A man lights an incense stick before an idol of Hanuman in Mulund, during the lockdown over the weekend. Pic/Datta Kumbhar
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Everyone is uncertain about what the immediate future holds once the worst of this situation is over, but the folks at Art and Charlie, an initiative for artists, are focusing their thoughts even further down the line. The Mumbai-based platform is putting together an online exhibition called Cut to 2060, for which they are calling for submissions where artists can contribute visual ideas including animation, photographs, videos and digital collages that imagine what the world will look like four decades from now.
"We want to see how all the changes that we are experiencing now will affect our lives at that time . So, we are asking people to showcase their artistic vision and ponder on that thought a bit," Ayesha Parikh, founder and head curator of Art and Charlie, told this diarist, adding, "We are also doing a three-part talk series, on the future of the ecosystem, cities and art consumption. The first one, on the ecosystem, is scheduled for June 5, with the other two being held on subsequent Fridays."
Maria JoÃ£o Pires founded the Belgais Centre for Study of the Arts in 1999
After announcing her retirement in 2018, one of the world's best pianists, Maria JoÃ£o Pires made her way to the city in February, having told this diarist that "a trip to India is always an exception."
Here, she gave two scintillating performances with the Symphony Orchestra of India, and the violin virtuoso and friend Augustin Dumay. Owing to the lockdown and her work with the Belgais Center for Arts in Portugal, Pires is now taking one-to-one online piano lessons open to anyone, really. "At this point it is necessary to find alternatives and make all efforts to build a better world," she said. Visit belgaiscenter.com/onlinepianolessons for the opportunity of a lifetime.
Last Sunday, thespians Quasar Thakore-Padamsee and Akash Khurana were in conversation in an insightful session by Akvarious Productions on four decades in Mumbai's theatre scene through the latter's journey. "Akash is a rare person in the theatre community; his work spans four decades. He has constantly moved and worked with many people and not stuck to a group. He is as much my contemporary as he is Naseeruddin Shah's. He's worked with the likes of Satyadev Dubey all the way to Akarsh Khurana.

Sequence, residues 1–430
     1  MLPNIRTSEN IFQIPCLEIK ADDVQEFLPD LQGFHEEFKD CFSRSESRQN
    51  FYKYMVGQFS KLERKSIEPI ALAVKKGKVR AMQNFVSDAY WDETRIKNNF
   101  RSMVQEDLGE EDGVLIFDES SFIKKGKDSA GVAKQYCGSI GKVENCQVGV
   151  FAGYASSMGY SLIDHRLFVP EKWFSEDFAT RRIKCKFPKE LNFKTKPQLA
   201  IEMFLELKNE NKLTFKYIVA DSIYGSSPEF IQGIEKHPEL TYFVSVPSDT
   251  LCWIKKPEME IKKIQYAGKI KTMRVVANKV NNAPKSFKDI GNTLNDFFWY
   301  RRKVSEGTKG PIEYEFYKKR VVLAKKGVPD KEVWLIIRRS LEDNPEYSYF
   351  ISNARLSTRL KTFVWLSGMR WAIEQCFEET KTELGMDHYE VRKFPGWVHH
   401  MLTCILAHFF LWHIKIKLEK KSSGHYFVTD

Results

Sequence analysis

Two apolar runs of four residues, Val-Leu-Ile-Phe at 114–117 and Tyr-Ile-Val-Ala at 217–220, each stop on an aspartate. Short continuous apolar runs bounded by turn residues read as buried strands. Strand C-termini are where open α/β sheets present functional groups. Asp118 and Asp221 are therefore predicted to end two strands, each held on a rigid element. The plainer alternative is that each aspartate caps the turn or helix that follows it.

He was around when Prithvi Theatre first came up. He has also done shows at some of the alternative venues. He has tried every model theatre artistes have used; from part-time to full-time," Thakore-Padamsee told this diarist. "Among other things, we talked about the duties of current theatre artistes towards the post-COVID generation and the way forward in reviving it," he added.
No wonder comedian Vir Das is happy these days. He's made it to the comedy issue of Queue, a journal launched by a streaming platform, along with some of the biggest names in the industry, including Jerry Seinfeld, Hannah Gadsby, David Letterman, Dave Chapelle and Chris Rock, among others.
In the interview, which is available online, Das has spoken about his first stand-up, his inspirations, which include Chapelle, and the one time that his pants ripped open on stage, in his typical candid style.
This diarist remembers entering a different world altogether when he walked into the Malad venue for Control Alt Delete, a crowdfunded music festival. It was in February this year, when life was a lot simpler, and the sort of unfiltered fun that everyone was having made it apparent that this event runs on tremendous goodwill.
The organisers have now released the complete accounts for the money that they raised, and reported that the last edition was the most successful one, with the 50-odd performers netting '6,081 each. But things are still up in the air when it comes to the next edition. "We want to see how the cards fall into place before we start planning anything," shared Nikhil Udupa, one of the people behind the fest.
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